WORDS: CHERYL-ANN COUTO
GREAT FROM: Delhi
GREAT FOR: An intoxicating mix of good weather, unparalleled luxury and history that doesn’t leave you
Dry, sandy Rajasthan doesn’t exactly scream “monsoon getaway”, but Udaipur in the south brings the goods. Surrounded by the Aravallis that section it off from the Thar desert, the City of Lakes is shrouded in greenery, with clement weather, dramatic topography and soul-satisfying local comfort food. At The Oberoi Udaivilas, Udaipur, you get to add unfettered luxury to this already winning mix.
Built across what used to be the royal hunting grounds in the 18th-century, the opulent hotel overlooking Lake Pichola simulates a Rajasthani palace with its seamless blend of Mewari and Mughal design. Wandering across (a fraction of) its 30 acres – taking in its sprawling gardens, lofty domes, vivid wall murals, and glinting thikri (the local glass art) decor – is its own kind of sightseeing. But, if you never made it that far…if you just skipped it all to stay in your kitted-out suite, you’d be forgiven. Sometimes pulling on a pretty block-print bathrobe, ordering gourmet room service and dangling your feet in the warm blue of your private pool while you wait (not long) for your food, is the right thing to do.
Those who do venture out, away from the organised luxury and into the comely clutter of the Old City, should start at the City Palace. It’s been 400 years since Udai Singh II, who founded the city, began its construction, and many whimsical rulers after him added to it, but the labyrinthine fort palace is a surprisingly cohesive assimilation of Mewari, Mughal and later colonial styles. Soak in the ingenuity of its military design, conjure up entire worlds from the delicately preserved vestiges of its inhabitants’ lives and times, scrunch your eyes at the illusory tricks of its incredible miniature paintings, and preside over the city from the high balconies.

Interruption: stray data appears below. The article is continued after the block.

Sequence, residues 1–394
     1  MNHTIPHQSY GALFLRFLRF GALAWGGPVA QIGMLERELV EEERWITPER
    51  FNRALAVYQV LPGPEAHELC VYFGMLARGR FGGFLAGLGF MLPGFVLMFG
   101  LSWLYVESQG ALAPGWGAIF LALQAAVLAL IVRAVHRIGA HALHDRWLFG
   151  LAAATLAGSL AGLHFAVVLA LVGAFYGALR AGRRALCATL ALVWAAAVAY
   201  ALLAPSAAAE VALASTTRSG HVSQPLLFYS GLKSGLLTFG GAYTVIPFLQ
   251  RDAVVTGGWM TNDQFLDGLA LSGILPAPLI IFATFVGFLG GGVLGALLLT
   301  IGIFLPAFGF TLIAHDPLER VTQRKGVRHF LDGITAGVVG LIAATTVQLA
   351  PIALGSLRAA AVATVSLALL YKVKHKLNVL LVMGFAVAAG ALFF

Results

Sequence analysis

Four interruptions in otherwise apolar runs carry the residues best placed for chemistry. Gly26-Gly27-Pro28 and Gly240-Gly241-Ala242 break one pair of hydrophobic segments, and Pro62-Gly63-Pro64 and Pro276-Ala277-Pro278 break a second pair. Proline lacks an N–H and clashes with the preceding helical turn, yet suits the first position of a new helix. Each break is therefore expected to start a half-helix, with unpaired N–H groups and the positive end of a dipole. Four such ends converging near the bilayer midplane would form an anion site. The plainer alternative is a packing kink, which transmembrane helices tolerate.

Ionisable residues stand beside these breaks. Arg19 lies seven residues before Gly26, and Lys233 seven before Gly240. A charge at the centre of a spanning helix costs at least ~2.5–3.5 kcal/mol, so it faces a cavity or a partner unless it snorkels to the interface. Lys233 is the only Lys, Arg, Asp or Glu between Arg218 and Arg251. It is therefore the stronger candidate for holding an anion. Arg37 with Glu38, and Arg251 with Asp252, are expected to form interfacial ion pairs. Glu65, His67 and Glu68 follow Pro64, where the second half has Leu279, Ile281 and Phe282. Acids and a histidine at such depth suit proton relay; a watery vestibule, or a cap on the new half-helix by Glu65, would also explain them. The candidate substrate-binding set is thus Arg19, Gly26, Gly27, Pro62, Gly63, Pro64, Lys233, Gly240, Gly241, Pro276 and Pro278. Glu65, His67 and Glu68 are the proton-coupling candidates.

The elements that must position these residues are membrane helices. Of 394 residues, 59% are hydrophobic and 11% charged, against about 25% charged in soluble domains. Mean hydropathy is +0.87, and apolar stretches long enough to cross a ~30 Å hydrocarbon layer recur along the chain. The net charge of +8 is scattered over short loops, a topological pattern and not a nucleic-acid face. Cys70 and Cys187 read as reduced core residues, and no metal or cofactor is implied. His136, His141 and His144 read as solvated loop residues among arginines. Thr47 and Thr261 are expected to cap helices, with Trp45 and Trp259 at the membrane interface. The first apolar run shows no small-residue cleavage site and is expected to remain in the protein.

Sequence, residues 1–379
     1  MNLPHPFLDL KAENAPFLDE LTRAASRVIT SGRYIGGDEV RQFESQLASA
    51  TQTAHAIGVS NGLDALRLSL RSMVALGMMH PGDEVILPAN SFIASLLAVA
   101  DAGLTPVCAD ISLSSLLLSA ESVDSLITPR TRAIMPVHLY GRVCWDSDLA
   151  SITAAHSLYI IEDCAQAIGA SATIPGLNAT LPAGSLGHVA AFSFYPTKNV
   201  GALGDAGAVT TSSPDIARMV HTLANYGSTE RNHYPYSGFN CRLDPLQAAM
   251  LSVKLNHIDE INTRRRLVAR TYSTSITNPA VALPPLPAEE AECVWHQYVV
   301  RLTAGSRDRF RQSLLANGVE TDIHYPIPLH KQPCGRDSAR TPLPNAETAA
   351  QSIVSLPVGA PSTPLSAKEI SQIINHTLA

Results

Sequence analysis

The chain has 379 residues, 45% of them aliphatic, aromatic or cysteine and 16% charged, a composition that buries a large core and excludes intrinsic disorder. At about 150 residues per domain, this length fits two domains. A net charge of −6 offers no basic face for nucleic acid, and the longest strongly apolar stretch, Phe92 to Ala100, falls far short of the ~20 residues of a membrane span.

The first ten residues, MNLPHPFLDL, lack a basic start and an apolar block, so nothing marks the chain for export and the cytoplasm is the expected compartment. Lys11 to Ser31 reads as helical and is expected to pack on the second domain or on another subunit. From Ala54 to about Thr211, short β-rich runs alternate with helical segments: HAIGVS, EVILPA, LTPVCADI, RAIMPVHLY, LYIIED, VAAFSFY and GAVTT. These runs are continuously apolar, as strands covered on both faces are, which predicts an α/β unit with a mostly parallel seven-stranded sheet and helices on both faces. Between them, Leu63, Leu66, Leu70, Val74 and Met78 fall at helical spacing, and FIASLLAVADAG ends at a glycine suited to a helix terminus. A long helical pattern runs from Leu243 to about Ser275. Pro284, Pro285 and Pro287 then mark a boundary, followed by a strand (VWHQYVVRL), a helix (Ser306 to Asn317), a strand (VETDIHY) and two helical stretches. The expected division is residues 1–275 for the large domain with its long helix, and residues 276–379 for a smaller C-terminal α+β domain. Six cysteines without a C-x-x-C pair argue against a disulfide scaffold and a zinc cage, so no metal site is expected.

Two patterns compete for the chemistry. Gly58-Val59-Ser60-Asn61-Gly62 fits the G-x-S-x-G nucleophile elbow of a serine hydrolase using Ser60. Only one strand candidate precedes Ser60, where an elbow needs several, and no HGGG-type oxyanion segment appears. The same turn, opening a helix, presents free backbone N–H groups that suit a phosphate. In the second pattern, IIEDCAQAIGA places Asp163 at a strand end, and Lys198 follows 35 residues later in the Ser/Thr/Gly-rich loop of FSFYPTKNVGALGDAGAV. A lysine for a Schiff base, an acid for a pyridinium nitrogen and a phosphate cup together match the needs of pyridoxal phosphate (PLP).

Hours later, stroll back down into the Old City, wending your way through its narrow, clogged streets. Drive north towards Saheliyon-ki-Bari, a lovely early 18th-century ornamental garden commissioned by Sangram Singh II for the revelry of the 48 women attendants who arrived with a princess as part of her dowry. Fountains (not all functional), marble statuary, a lotus pond, herons and sparrows, and erratic outbursts of bougainvillea and hibiscus from amid thick swathes of green, populate this former girls-only paradise. Schedule an entire afternoon for the cooking and devouring of traditional delicacies at Bada Mahal, the only original structure from the Maharana’s hunting times. Under the patient eye of the hotel’s chefs, watch yourself expertly smoke laal maas (spicy Rajasthani mutton curry), which bubbles angry red from its high content of nasal-clearing Mathania chillies – a Jodhpuri staple; and stir yoghurt curry swimming with potato-stuffed banana chillies (mirch kadhi). Cool the spicy onslaught with a rich, creamy gulabi kheer and proceed to become horizontal for the next couple of hours.
By evening, as the rain clouds gather, drive towards that faraway palace, high in the hills, that you’ve been staring at since you got to Udaipur. The late 19th-century Sajjangarh, was intended to be an astronomy centre but remained incomplete when its founder, Sajjan Singh, took ill and died. The decrepit edifice, currently government-run, cuts a melancholy figure against the overwhelming views of the clouds, lakes, hills and palaces. For once, you’re happy for the noisy chorus of phone cameras.